It was time to hide the camera and start shopping. With the price so low, bunches so huge and opportunity to pick up your own from a pile I stuffed my shopping trolley like a fat fat dolma thinking how much it would heart to pay 2-6 more for the same at my greengrocer at the Kadıköy market.
Yet as opposed to my “native” Kadıköy market where I am treated as “mahalle kızı” (local girl) I was a foreigner here. And so was everybody. I did not see any single pleasantry exchanged between the sellers and the shoppers so typical for the smaller markets I go to. Kadıköy Tuesday Market was a perfect venue for a primal shopping, mere buy-sell stripped down of all the complexities. Vendors don’t care to be polite or accommodating because their irresistible deals give them the confidence you will shop from them. The shoppers don’t bother to be polite either – neither to the vendors nor to the fellow shoppers: you elbow to pick up the firmest tomatoes, you push as you get through the stalls. As if someone fired a gun at the start you rush ahead to be the first in the shopping marathon. You lest your instincts speak: they make you throw yourself in a crowd and quickly fill in your shopping trolley as you devastate the stalls. Then you emerge at the exit as a winner – exhausted but fulfilled. You did not get the LV bag but the leeks you bought are the deal of the year.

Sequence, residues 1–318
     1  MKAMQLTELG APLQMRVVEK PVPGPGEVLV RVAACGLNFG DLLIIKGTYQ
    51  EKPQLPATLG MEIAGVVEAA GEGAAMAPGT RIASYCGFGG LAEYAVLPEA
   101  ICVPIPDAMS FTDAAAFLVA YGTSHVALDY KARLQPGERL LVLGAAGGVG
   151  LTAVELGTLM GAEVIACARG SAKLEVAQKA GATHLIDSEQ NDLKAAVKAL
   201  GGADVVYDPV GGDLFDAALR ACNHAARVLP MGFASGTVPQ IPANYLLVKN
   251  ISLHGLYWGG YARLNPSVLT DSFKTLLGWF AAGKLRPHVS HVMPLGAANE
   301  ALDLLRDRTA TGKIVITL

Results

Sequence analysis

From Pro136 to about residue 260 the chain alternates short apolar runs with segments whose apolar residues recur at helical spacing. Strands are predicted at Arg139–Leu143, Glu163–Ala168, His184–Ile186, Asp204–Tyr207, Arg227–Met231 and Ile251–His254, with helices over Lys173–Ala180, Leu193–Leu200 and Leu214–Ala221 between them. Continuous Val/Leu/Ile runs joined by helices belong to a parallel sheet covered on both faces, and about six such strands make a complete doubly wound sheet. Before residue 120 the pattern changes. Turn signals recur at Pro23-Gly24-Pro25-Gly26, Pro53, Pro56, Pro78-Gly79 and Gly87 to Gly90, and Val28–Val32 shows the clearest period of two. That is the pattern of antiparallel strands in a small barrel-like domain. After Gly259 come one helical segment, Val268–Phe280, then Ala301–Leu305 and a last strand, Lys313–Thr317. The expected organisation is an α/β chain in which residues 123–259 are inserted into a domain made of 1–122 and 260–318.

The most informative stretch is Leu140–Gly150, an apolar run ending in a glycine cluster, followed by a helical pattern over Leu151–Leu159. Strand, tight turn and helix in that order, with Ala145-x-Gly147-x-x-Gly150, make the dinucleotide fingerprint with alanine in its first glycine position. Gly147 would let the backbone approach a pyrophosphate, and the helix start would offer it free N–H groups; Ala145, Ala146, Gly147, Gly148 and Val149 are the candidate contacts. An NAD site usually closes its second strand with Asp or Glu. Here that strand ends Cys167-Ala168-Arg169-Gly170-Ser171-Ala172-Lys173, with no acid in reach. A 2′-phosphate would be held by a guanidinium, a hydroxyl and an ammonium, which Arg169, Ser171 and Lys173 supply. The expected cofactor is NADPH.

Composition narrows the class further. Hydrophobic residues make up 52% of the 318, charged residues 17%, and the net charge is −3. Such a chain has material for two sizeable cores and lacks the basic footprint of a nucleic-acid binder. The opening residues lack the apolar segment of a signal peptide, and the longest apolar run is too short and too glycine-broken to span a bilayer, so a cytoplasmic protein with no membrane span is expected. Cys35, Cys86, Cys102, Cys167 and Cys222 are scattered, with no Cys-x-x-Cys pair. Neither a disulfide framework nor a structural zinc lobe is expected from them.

Directions to the Kadıköy Tuesday Market: From Kadıköy ferry pier take a metro to Ünalan; or metrobus to Uzunçayır. Both from stops you will be able to follow a line of shoppers heading to the market. The marketplace is signified by the gates with yellow writing “Kadıköy Kent Meyhanı’.